Debt Buster FormulaTM
In all of the reading I've done about how people can get rid of their debt more quickly, there are two basic ways that consistently come up: either to start with paying more on the debt’s highest interest rate or paying more on the debt’s smallest account balance.
Both of these debt reduction methods are effective, and I would be remiss in not stating that in all of the reading that I have done on personal financial blogging sites there is a tremendous amount of equally important material addressing the psychology of getting out of debt, the understanding that you must be committed to making it a priority in your life, and creative ways to come up with new sources of funds to accomplish this.
What you need to be doing, why you need to do it, how you can find the funds to do it with, and how you will feel after you accomplish this task can absolutely be life-changing.
If you are reading about the Debt Buster FormulaTM on someone else’s financial blog site, congratulations to the blog for providing you the tools to make this happen.
And thank you to those bloggers for allowing me the opportunity to share my story on this topic.
More than 20 years ago I met a Canadian high school math teacher who was in the Seattle area talking about his method of getting out of debt.
I’ll be honest, I really don’t remember his name, but I distinctly remember his methodology. Sometimes numbers stick better than names, at least for me.
His excitement about his process was infectious and he was eager to see if this might be of help to us in working with our clientele.
He also acknowledged the two methods I mentioned above, paying off the highest interest first or the lowest account balance first. And he agreed that they both worked fine if you were willing to work them.
After all, it’s really true that the financial choices you make matter.
His method was to use two key numbers associated with the debt you owe: the account balance and the minimum payment due.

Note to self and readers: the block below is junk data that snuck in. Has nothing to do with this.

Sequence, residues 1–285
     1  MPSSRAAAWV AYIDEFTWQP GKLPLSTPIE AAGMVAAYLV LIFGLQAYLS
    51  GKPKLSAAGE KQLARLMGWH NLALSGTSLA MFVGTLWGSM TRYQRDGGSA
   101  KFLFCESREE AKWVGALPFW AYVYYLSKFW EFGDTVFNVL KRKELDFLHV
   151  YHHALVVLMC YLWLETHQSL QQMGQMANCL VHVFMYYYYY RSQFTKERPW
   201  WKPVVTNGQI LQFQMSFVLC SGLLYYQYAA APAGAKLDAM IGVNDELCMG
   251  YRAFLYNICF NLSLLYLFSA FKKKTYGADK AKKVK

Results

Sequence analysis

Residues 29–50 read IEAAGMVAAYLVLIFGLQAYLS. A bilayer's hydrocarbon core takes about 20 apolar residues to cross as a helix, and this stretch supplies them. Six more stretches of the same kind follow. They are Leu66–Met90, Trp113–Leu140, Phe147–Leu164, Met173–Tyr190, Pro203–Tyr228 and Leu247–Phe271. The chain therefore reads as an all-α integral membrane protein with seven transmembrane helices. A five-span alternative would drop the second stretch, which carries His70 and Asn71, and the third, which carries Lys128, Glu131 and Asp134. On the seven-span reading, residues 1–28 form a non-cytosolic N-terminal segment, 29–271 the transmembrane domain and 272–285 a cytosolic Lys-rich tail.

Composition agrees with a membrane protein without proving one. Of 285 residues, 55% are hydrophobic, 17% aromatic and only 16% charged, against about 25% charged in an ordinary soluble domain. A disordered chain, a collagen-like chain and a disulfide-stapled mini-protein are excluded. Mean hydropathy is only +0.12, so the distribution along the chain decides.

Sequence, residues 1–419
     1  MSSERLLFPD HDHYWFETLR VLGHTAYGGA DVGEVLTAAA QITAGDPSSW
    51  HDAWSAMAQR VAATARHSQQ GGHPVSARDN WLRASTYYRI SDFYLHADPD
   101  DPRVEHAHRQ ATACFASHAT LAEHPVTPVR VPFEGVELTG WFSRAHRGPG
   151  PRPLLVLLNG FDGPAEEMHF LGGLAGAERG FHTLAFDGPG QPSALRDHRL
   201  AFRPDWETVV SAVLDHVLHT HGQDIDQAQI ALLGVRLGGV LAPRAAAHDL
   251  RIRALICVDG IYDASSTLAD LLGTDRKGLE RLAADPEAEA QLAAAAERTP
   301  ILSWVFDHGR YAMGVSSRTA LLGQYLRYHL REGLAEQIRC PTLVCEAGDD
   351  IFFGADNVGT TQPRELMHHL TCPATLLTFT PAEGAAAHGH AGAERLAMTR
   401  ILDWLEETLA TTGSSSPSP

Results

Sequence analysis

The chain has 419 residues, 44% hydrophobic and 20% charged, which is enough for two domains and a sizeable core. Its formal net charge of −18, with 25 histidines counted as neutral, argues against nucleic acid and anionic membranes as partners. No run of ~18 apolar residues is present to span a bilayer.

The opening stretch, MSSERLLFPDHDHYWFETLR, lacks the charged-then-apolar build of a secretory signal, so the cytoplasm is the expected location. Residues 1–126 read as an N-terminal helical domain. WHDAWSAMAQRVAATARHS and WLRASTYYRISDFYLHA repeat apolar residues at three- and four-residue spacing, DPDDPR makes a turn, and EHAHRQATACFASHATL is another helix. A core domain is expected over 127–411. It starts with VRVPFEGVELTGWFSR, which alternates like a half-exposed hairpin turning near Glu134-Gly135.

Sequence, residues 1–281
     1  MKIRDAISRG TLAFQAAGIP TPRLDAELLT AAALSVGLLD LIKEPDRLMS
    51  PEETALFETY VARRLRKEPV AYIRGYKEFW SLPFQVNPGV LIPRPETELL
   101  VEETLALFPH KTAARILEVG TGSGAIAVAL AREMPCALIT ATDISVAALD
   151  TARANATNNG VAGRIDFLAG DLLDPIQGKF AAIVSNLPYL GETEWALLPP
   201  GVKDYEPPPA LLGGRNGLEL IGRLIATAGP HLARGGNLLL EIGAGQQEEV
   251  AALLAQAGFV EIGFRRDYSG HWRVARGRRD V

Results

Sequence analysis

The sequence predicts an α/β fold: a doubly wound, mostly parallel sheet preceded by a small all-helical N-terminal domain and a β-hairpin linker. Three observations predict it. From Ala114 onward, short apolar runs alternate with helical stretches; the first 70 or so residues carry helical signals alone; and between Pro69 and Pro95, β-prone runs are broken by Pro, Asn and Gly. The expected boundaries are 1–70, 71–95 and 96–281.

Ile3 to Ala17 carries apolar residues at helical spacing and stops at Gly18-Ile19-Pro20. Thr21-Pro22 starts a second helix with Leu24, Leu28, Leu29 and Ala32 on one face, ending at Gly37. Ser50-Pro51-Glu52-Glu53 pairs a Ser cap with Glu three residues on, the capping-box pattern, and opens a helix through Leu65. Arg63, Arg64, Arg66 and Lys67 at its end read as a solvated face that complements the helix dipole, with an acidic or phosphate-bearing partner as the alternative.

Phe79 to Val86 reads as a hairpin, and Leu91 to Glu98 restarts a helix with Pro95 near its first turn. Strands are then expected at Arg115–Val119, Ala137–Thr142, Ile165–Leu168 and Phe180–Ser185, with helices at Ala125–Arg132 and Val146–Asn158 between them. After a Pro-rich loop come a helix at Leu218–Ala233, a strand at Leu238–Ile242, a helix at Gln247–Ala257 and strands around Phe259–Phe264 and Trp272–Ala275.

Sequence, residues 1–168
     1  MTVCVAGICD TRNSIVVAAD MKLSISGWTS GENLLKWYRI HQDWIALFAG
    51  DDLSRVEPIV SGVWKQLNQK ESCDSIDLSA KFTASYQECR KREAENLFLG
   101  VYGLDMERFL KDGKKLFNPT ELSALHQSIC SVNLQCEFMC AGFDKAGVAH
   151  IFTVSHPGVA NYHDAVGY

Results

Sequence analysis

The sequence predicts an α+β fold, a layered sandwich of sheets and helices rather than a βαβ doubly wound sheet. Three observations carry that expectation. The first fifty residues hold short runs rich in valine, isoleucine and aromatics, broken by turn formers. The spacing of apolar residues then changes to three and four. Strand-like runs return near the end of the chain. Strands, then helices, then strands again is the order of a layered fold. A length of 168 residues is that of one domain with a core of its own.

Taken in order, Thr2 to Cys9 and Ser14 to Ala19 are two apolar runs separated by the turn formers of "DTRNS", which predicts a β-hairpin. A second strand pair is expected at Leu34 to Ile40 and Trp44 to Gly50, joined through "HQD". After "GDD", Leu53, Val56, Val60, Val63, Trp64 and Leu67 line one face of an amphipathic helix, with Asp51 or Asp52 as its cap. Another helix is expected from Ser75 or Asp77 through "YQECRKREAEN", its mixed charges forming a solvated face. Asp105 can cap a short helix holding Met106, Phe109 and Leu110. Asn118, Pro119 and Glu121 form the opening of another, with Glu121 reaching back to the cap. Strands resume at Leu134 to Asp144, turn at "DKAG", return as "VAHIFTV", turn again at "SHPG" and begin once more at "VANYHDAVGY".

The premise is simple; divide the minimum payment due into the account balance and you get a whole number. Here’s an example if you had two account debts.
Account debt #1:
The account balance is $6,780 and the minimum payment due is $154.
$6,780 divided by $154 = 44.026. Rounding off to a whole number of 44, your ‘debt factor’ is 44.
Account debt #2:
The account balance is $4,908 and the minimum payment due is $139.
Again, $4,908 divided by $139 = 35.309. Rounding off to a whole number of 35, your ‘debt factor’ is 35.
Given the example of these two accounts, make the minimum payment on the first account debt, then on the second account debt, in addition to the minimum, pay whatever extra available dollars you have on this account.
Why the second card?
Because the ‘debt factor’ number was the smaller of the two.
You always pay more on the smallest ‘debt factor’. Always pay the smallest one the most!!
I will tell you the Canadian math teacher who shared this with me adamantly stated that this was the most cost-efficient way to pay off debt faster.
He claimed to have done hundreds of calculations using every variable he could come up with when it came to debt payments and this method was the superior way of getting rid of the debt fastest. Don’t forget this was a math teacher doing LOTS of math problems to make sure what he thought to be true was actually true!
I can certainly remember my high school math teacher, Mr. Gregory, and I’m sure you can remember your math teacher too.
They’re math teachers after all, and they will do whatever it takes to make sure there is a CORRECT ANSWER to a problem. He was positive this was the best way to do this.
So, judge for yourself, but this is why I’m sharing this idea with you.
Don’t let the fact that you get to do some basic math put you off!
That’s why we’ve created the Debt Buster FormulaTM app. And it’s FREE! Simply click here to download.
You simply plug in the requested information for any debts you might have and the app will calculate the ‘debt factor’ for each debt.
Do this for any and all of your debts: credit cards, student loans, car loans, home mortgage, etc., and you’ll know right away which debt has the smallest ‘debt factor’ number. You’ll know where to focus your attention and make those extra payments to that debt.
You’ll want to repeat this every month when your new statements come – update your balance owed and the minimum payment numbers and the app recalculates the ‘debt factor’ for each of your debts.
If you happen to do a zero-interest balance transfer from one account to another, be sure to update the app when the statements come. That zero-balance transfer could have a big impact on the ‘debt factor’ number for those accounts affected by the transfer.
Don’t forget, when you get the smallest ‘debt factor’ debt paid off, you’ll now focus your efforts and funds on the debt with the new smallest ‘debt factor’.
This process will continue to keep you moving toward the ultimate goal of no debt.
We would appreciate knowing your thoughts on the Debt Buster FormulaTM. Whether you love it or hate it, let us know.
Email me at Charles@PelletonCapital.com. Thanks!
Congratulations for the taking the next step towards your goal of reducing and eliminating your debt!